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Made By A Fabricista - Packable Wardrobe Part II


After receiving word from Fabric Mart that I could make up McCall's 6884 in the beautiful olive, brown, and silver wool sweater knit that I fell in love with over at their site, I decided that an outfit was in order, and that I would make the other pieces of this outfit.  I had some stash fabric for the tunic/top I made, but I knew I wanted to make an a-line skirt of something very fall-like, but that also wouldn't cost me a pretty penny to buy.



Literally the next day after receiving word that I would be using the sweater knit, I saw that a "buy the piece" Shetland wool in a pink and brown houndstooth came up for sale.  I love Fabric Mart's  "Buy the Piece" category, there are some amazing hidden gems there.  You don't get to choose the yardage, but all the pieces in that category are super discounted.  For instance, this bit of pink and brown Shetland wool normally sells for $25 a yard (though it is on sale today for $15--woo!), but the "buy the piece" I bought was for $10 for 3/4 yard.  So quite a bit of savings!  And after I received it, I noticed that the cut was closer to 7/8 yard, so a bit of a bonus on top of it.  

So after you count in the fabric costs, this skirt comes to around $15, since the lining came in a free bundle from Fabric Mart and the fabric on the waistband was from my stash (and I only used the wee-est amount).  I would call that a successful sewing project.  I know for a fact skirts like this, fully lined, with pockets, and in a thick Shetland wool (seriously so thick and warm), retail for closer to $100 and more at places like Boden and J. Crew.  On sale, at the very end of the season, you might be able to get a skirt like this for closer to $50, but by then all the sizes and colors have been picked over, especially ones in a fun color like this one is.  ;-)  Yay for sewing!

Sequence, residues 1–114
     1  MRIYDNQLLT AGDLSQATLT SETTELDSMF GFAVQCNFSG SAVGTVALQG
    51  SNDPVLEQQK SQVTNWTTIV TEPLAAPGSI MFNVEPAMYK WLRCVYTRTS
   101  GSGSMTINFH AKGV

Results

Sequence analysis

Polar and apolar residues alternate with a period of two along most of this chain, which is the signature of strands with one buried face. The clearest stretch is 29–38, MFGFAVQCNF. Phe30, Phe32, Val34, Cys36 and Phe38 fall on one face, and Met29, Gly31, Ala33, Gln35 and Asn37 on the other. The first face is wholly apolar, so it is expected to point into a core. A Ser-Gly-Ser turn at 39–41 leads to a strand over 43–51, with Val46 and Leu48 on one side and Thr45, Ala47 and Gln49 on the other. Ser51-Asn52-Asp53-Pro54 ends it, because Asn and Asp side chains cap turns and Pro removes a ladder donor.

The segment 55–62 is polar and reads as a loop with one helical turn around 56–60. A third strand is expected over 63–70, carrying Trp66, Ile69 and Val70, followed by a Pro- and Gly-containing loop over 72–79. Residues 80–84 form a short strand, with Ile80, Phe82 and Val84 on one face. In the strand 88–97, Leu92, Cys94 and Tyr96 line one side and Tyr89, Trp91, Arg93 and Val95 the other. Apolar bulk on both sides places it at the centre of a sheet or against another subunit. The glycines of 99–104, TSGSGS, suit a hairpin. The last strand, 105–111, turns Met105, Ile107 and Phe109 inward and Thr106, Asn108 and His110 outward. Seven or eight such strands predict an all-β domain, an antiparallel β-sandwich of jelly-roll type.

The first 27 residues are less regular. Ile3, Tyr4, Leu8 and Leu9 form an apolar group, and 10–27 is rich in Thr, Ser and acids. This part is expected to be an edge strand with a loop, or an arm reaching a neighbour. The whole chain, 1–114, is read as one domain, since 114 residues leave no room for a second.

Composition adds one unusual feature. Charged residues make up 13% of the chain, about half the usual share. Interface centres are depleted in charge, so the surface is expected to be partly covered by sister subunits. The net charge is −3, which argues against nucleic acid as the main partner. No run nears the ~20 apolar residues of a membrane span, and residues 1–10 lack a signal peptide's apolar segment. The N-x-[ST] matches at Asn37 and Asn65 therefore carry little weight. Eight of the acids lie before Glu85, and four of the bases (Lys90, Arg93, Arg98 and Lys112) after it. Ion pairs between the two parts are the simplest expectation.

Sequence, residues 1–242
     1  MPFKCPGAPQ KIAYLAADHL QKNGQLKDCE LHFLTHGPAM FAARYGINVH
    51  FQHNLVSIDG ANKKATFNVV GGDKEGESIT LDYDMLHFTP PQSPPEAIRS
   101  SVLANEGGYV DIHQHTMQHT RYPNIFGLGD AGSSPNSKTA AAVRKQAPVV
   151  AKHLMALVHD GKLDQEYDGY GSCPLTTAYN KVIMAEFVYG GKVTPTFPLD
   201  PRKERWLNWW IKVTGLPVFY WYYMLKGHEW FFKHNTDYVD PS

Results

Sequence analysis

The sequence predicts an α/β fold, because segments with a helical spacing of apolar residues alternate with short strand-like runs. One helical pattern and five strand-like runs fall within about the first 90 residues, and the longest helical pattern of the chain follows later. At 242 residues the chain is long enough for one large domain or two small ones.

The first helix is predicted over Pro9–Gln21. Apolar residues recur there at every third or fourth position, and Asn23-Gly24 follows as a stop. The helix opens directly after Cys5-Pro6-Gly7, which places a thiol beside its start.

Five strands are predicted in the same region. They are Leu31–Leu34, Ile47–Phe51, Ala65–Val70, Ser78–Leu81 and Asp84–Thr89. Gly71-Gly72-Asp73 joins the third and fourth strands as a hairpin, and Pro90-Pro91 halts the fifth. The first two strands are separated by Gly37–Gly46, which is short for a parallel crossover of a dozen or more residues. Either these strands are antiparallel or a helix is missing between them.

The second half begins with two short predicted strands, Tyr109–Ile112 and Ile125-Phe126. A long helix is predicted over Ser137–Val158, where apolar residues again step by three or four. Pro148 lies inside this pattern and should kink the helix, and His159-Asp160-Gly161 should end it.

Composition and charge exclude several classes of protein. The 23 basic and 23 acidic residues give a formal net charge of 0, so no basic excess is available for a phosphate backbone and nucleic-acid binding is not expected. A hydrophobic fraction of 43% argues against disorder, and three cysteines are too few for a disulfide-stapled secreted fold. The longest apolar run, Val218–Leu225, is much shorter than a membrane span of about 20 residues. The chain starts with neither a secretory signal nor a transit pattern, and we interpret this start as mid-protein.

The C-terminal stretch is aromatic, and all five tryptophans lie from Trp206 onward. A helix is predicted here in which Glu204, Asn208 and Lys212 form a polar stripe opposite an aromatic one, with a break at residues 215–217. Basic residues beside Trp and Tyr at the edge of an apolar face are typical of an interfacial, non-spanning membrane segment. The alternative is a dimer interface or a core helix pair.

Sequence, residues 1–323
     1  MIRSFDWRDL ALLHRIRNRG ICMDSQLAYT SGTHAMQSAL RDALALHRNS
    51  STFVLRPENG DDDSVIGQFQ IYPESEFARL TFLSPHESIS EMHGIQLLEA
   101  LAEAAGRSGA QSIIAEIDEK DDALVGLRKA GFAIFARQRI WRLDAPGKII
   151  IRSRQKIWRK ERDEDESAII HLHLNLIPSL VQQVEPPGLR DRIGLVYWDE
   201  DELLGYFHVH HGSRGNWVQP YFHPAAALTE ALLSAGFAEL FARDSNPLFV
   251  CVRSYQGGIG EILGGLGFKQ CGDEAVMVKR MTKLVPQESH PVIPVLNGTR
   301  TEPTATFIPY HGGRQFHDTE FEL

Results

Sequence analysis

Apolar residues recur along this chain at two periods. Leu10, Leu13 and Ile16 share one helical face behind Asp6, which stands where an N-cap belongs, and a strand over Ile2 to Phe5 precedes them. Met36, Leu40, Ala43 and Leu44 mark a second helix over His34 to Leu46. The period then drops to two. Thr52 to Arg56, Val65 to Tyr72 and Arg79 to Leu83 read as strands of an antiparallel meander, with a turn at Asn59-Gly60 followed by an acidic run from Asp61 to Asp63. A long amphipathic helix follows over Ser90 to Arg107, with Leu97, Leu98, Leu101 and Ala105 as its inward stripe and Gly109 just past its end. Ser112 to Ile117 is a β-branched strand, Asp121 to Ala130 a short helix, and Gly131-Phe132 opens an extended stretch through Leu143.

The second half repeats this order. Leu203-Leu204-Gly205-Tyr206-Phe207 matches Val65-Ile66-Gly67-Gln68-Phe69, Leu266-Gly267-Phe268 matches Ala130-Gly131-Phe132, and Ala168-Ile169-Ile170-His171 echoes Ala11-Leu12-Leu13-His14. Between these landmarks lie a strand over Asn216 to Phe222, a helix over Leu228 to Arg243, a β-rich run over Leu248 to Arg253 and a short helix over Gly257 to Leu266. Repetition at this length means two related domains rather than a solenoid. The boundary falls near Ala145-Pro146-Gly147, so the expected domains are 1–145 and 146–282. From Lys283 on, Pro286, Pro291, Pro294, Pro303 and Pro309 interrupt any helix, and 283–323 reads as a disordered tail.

The one issue I had, and it is minor, is that I did have to carefully choose both the pattern I wanted to use and the placement of the pattern on the fabric.  I didn't want a pencil skirt, I knew I wanted an a-line, so that immediately limited me.  Many of my a-line skirt patterns are too full and so would not have worked with this amount of fabric, but Simplicity 2152 (http://www.simplicity.com/p-6164-misses-skirts.aspx
) is a perfect a-line silhouette, a bit fitted at the top and flaring towards the hem.  I was making this skirt up at the same time that Sewing Pattern Review was having their a-line skirt contest (http://sewing.patternreview.com/Patterns/68967) and I kept wondering which of the beauties I saw were based on this awesome (but sadly out of print) pattern.

Unfortunately I didn't have quite enough fabric for the patch pockets the pattern calls for, but I figured I could add inseam pockets to the skirt from the lining.  That worked out fine, though they gap a bit.  I definitely plan on using the patch pockets next time I make this pattern up.  Fortunately my lining fabric looks really nice with the houndstooth wool, so it is just a cool flash of contrasting fabric, but because I am persnickety, it does bother me a touch.